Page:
Traditionally the Courts have been reluctant to enforce these types of clauses giving more preferential treatment to non-solicitation and non-dealing clauses. However the case of Merlin Financial Consultants Ltd V Cooper seems to show the Courts changing their stance particularly in circumstances where the covenants are contained in a business sale agreement and/or there is a close connection between the leaving employee and the clients he or she assisted.


Mr Cooper is an IFA who worked for Merlin for just over 4 years before leaving in November 2012. He signed a “goodwill agreement” with Merlin under which Merlin bought the goodwill in, and right to receive future income from, Mr Cooper’s clients. This agreement contained a clause stopping Mr Cooper from competing against Merlin for a period of 12 months after his departure in any part of the United Kingdom.

Although he worked out his notice Mr Cooper made it clear that he would continue to work for “his” clients moving forward and challenged the validity of the covenant in the goodwill agreement.


The High Court found that the non-compete covenant was enforceable. In its judgement the Court highlighted the following points:

  • The goodwill agreement could be considered a business sale agreement rather than an employment contract. As such the parties could be considered to have more equality of bargaining power;
  • In previous cases involving IFAs it was noted that the industry was one where advisers had particularly strong relationships with their clients and 12 month restrictions appeared to represent an industry standard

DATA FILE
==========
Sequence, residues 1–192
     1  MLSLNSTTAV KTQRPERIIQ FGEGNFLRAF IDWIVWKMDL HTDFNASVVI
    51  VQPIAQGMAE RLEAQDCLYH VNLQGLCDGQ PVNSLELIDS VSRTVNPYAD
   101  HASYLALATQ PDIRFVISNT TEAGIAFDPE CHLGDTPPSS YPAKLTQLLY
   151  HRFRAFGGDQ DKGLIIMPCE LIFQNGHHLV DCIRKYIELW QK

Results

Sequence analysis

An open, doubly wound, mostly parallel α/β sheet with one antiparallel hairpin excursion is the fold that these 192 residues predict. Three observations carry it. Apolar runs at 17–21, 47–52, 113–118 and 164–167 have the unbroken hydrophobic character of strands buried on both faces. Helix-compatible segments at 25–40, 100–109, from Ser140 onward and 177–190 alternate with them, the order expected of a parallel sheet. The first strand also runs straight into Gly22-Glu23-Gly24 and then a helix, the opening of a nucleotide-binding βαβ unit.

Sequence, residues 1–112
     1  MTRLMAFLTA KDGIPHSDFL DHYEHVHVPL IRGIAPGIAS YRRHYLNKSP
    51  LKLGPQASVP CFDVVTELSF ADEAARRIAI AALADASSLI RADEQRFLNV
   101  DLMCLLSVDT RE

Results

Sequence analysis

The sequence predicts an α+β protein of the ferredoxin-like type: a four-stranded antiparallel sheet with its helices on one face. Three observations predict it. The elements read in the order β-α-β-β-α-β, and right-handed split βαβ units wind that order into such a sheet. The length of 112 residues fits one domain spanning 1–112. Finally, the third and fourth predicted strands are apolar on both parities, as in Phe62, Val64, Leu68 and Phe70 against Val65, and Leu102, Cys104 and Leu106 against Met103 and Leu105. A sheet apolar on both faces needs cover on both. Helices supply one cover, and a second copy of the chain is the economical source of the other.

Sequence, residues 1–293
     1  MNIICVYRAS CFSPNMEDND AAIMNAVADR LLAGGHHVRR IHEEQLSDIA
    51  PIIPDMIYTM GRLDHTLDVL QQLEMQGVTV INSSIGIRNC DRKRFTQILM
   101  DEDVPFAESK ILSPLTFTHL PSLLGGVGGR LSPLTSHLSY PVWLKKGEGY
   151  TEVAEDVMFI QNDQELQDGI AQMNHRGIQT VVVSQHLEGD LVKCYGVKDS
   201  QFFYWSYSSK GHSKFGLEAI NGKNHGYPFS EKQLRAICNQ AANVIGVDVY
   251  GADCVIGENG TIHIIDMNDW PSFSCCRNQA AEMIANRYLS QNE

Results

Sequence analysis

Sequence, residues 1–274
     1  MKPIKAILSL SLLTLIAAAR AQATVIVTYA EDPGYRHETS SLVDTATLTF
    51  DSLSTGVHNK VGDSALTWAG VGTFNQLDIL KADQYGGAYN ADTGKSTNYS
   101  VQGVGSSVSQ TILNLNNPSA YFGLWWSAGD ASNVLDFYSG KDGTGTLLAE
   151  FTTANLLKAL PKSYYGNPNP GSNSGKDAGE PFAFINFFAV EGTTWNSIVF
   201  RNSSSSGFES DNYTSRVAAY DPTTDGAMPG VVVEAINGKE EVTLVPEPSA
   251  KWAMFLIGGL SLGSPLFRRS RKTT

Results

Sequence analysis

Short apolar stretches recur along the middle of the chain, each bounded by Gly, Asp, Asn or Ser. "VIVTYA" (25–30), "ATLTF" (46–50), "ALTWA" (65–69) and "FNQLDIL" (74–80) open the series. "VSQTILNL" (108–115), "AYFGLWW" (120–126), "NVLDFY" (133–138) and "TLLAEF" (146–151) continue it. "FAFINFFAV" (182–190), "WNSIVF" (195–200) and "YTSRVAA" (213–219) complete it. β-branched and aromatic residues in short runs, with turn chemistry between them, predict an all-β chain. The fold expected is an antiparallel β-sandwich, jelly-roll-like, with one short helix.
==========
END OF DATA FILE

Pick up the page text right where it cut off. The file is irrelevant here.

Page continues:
• The geographical restriction covering the whole of the United Kingdom was NOT too wide as; again, previous cases had noted that the financial services industry had been seen to be a single geographical market. Given the increasing use of electronic communication that was now even more true.

Importance of the Decision

It would seem that the following key points emerge from this decision:-

  • If an organisation wishes to rely on a non-compete provision as opposed to a non-dealing or non-solicitation provision it should consider entering into a goodwill purchase agreement with the individual concerned or perhaps giving the individual shares in the organisation (with a view to entering into a shareholders’ agreement with the individual). Covenants in such documents stand a far higher chance of being enforced than in an employment agreement;
  • Even then the party applying to enforce the restriction will need to show a particularly close relationship between the individual and his clients;
  • A UK wide restriction is capable of enforcement if the industry is such that the individual can realistically expect to receive instruction from clients both near and far.
  • A non-competition clause in an employment contract will require great care in its drafting to ensure it is enforceable. Expert advice should be taken.

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Ison Harrison Solicitors

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